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Under the new proposal, U.S. citizens or legal residents could be kept out of the United States simply if an official believes they've been exposed to coronavirus.
The legality and constitutionality of a draft regulation that would prohibit citizens who have been exposed to coronavirus from re-entering the country are seriously in question, according to experts.
Over the course of just months, the coronavirus pandemic has brought on an avalanche of international travel bans and advisories that have led to a global life on pause: canceled trips, postponed vacations and family reunions, and uncertainty about when and in what form we will be able to travel to numerous countries again.
The latest twist came with this week’s news that President Donald Trump is considering barring U.S. citizens and legal residents from re-entering the United States from abroad if border authorities find that they may have contracted coronavirus, according to a report from the New York Times, which obtained parts of the draft proposal.
While the United States has issued several travel bans this year that were put into place to help contain the spread of the coronavirus pandemic, including from “high-risk areas” such as China and Europe, there has always been an exception made for U.S. citizens and legal residents returning to the United States.
Under the new proposal, the federal government could prevent a citizen or legal resident from entering the U.S. if an official “reasonably believes that the individual either may have been exposed to or is infected with the communicable disease,” the New York Times reported. The draft didn’t specify the length of time individuals would be kept out of the country or an exact process for determining how infectious they are.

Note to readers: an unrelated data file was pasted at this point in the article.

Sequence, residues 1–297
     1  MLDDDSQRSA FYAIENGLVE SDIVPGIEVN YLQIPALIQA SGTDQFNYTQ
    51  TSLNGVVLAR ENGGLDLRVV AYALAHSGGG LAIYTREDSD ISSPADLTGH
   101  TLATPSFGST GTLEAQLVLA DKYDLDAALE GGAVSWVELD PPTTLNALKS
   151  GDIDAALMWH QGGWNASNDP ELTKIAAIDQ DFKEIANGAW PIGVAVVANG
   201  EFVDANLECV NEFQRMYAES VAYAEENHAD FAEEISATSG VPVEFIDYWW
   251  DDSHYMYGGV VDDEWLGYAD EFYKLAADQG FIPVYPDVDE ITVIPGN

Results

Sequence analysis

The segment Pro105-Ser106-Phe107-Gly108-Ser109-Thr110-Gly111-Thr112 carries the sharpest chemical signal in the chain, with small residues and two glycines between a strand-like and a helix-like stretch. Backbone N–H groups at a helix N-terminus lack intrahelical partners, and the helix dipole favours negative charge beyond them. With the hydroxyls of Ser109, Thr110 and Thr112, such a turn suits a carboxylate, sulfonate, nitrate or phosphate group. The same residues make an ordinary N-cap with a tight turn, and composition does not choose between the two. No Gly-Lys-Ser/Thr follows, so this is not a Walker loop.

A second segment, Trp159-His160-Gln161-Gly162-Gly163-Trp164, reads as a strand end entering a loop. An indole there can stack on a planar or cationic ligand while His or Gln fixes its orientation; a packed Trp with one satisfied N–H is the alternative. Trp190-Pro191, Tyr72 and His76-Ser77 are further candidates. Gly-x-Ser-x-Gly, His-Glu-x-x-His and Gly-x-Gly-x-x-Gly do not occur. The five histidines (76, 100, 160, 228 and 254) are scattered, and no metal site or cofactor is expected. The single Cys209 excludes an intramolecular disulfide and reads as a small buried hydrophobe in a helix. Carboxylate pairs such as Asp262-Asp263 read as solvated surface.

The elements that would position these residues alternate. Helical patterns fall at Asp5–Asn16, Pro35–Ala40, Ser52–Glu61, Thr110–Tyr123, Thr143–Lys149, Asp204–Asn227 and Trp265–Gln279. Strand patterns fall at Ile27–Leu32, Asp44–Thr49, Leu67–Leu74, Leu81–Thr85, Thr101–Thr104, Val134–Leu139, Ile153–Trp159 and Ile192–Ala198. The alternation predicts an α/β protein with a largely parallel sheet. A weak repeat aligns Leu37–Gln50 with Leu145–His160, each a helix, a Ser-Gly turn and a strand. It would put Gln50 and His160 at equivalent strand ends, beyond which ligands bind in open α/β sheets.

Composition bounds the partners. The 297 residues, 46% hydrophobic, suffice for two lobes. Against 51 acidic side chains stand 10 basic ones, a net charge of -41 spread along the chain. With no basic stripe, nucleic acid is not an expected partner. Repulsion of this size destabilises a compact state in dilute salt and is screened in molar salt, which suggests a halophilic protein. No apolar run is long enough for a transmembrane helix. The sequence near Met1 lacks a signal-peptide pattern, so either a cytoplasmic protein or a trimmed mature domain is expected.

But before we experience more pandemic travel–related high blood pressure in response to the proposal, we had to ask: Is this even legally or constitutionally possible? Not according to some experts.
“My intuition is that it would definitely be unconstitutional or beyond the president’s authority to do this,” said Harsha Panduranga, a lawyer with the Brennan Center for Justice who specializes in liberty and national security. “Inherent in the core conception of citizenship is the absolute right to re-enter the borders of the country.”
While the New York Times reported that the draft order states that it will include constitutional rights protections, the American Civil Liberties Union (ACLU) isn’t convinced either.
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“Barring American citizens from the United States is unconstitutional,” Omar Jadwat, director of ACLU’s Immigrants’ Rights Project, said in a statement. “The Trump administration has rolled out one border ban after another—most recently on children and asylum seekers—using COVID-19 as an excuse, while failing abysmally to get the virus under control in the United States. The rumored order would be another grave error in a year that has already seen far too many.”
In order to properly analyze the potential legality of the policy, there are two factors at play: executive authority and the Constitutional rights and privileges that U.S. citizens and permanent residents are entitled to.
Panduranga observed that a couple of statutes could potentially give the Trump administration some leverage on this matter. A provision within the Immigration and Nationality Act (enacted in 1952) gives the president the authority to suspend the entry of foreigners into the country if the president deems their entry is detrimental to the country’s interests. This was the provision that was used to impose the 2017 ban on foreign nationals from seven predominantly Muslim countries. But that provision doesn’t authorize the barring of U.S. citizens, said Panduranga.